The consequences of climate change are likely to be dire—and in some scenarios, catastrophic. Scholars need to start discussing the mechanisms whereby climate change could cause the actual collapse of civilizations. Image credit: Flickr/Spencer.

Because civilization cannot exist in unlivable or uninhabitable places, all of the above warnings can be understood as asserting the potential for anthropogenic climate change to cause civilization collapse (or “climate collapse”) to a greater or lesser extent. Yet despite discussing many adverse impacts, climate science literature, as synthesized for instance by assessment reports of the Intergovernmental Panel on Climate Change (IPCC), has little at all to say about whether or under which conditions climate change might threaten civilization. Although a body of scientific research exists on historical and archeological cases of collapse (4), discussions of mechanisms whereby climate change might cause the collapse of current civilizations has mostly been the province of journalists, philosophers, novelists, and filmmakers…

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Will Any Humans Become Post-Carbon?

Photo by Roxanne Desgagnés

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Planetary Gas Chamber not “Climate Change”

Planetary Gas Chamber not “Climate Change”

We have been aware that burning fossil fuels would alter, destabilise and warm the atmosphere since at least 1847 and the narrative has been controlled since shortly thereafter.

Had we described the phenomenon as creating what it is, a “Planetary Gas Chamber” for most, if not all complex life on the planet, perhaps we might have acted to save the biosphere rather than perpetuate the extraction industry which is in the accelerating process of incinerating the entire ecosystem.

What an incredible irony that a Republican Congressman from the USA was the first person (that I am aware of, feel free to correct me below if I’m wrong) to give a lecture on human induced climate change.

We have been through a raft of ‘slogans’ that have all downplayed the reality that the unfettered incineration of fossil fuels would negatively alter the atmospheric energy and ‘Green House Gas’ balance. “Green House”, such an innocuous term for an existential threat, tailored to not scare the serfs.
A near-forgotten speech made by a US congressman warned of global warming and the mismanagement of natural resources in 1847
The 1847 lecture that predicted human-induced climate change.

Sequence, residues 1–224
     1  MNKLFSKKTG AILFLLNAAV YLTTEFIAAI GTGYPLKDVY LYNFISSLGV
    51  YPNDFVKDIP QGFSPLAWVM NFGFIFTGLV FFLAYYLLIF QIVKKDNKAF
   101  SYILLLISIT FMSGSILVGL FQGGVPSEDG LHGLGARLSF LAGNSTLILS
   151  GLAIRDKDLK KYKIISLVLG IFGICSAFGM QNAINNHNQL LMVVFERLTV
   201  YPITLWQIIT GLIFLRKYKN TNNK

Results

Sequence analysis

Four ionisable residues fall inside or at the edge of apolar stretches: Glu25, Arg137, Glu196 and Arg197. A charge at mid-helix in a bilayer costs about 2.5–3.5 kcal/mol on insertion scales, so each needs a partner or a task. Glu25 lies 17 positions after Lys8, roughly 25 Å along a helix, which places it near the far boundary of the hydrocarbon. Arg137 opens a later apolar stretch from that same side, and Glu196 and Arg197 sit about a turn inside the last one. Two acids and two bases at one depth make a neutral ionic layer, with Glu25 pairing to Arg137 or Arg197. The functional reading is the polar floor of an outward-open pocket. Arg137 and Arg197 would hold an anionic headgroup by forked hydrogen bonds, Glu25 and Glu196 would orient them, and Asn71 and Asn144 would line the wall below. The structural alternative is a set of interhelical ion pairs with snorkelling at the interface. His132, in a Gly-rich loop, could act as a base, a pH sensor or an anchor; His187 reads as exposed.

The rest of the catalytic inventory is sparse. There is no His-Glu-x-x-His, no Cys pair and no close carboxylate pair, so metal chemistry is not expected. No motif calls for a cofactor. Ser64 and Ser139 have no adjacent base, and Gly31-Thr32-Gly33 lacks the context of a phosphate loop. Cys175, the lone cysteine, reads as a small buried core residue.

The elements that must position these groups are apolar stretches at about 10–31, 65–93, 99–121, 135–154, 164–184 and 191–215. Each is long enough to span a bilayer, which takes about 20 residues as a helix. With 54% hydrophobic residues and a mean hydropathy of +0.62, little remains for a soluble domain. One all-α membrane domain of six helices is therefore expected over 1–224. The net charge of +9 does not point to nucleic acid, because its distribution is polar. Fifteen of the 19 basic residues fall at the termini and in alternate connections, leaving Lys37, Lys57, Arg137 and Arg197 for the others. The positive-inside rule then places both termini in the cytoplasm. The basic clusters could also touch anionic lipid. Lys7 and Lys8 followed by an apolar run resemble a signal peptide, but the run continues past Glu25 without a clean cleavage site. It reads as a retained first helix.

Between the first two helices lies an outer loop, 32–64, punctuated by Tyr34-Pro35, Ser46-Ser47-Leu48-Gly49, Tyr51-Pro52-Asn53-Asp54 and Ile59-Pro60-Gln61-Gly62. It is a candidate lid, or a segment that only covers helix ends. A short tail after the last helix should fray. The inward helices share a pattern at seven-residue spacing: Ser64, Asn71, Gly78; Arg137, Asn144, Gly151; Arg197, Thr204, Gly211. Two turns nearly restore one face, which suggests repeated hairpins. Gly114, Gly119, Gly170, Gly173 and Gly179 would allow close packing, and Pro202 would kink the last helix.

“But I would argue his defining moment came on 30 September 1847, when, as a congressman for the Whig party (a forerunner of the Republican party), he gave a lecture to the Agricultural Society of Rutland County, Vermont. (The speech was published a year later.) It proved to be the intellectual spark that led him to go on and publish in 1864 his best-known work, Man and Nature: Physical Geography as Modified by Human Action.”

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Is the Energy Transition Taking Off—or Hitting a Wall?

Forecast cloudy: Solar panels are wiped off for peak performance at The Wash Basket Laundromat, in Palmyra, Pennsylvania, in 2011. The business qualified for U.S. Department of Agriculture (USDA) Rural Energy for America Program assistance to add 72 photovoltaic panels to reduce electrical demand by a third. (Photo credit: Lance Cheung, USDA/Wikimedia Commons)

With the Inflation Reduction Act, the federal government is illogically encouraging the increasing use of fossil fuels—in order to reduce our reliance on fossil fuels.

The passage of the Inflation Reduction Act (IRA) constitutes the boldest climate action so far by the American federal government. It offers tax rebates to buyers of electric cars, solar panels, heat pumps, and other renewable-energy and energy-efficiency equipment. It encourages the development of carbon-capture technology and promotes environmental justice by cleaning up pollution and providing renewable energy in disadvantaged communities. Does this political achievement mean that the energy transition, in the U.S. if not the world as a whole, is finally on track to achieving the goal of net zero emissions by 2050?

If only it were so.

Emissions modelers have estimated that the IRA will reduce U.S. emissions by 40 percent by 2030. But, as Benjamin Storrow at Scientific American has pointed out, the modelers fail to take real-world constraints into account. For one thing, building out massive new renewable energy infrastructure will require new long-distance transmission lines, and entirely foreseeable problems with permitting, materials, and local politics cast doubt on whether those lines can be built.

But perhaps the most frustrating barriers to grid modernization are the political ones. While Texas produces a significant amount of wind and solar electricity, it is unable to share that bounty with neighboring states because it has a stand-alone grid…

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The climate movement was built for a world before climate change—it’s time for a new approach

The climate movement was built for a world before climate change—it’s time for a new approach

We need a mass movement that can deal with climate disasters by training people to both protect and mobilize their communities.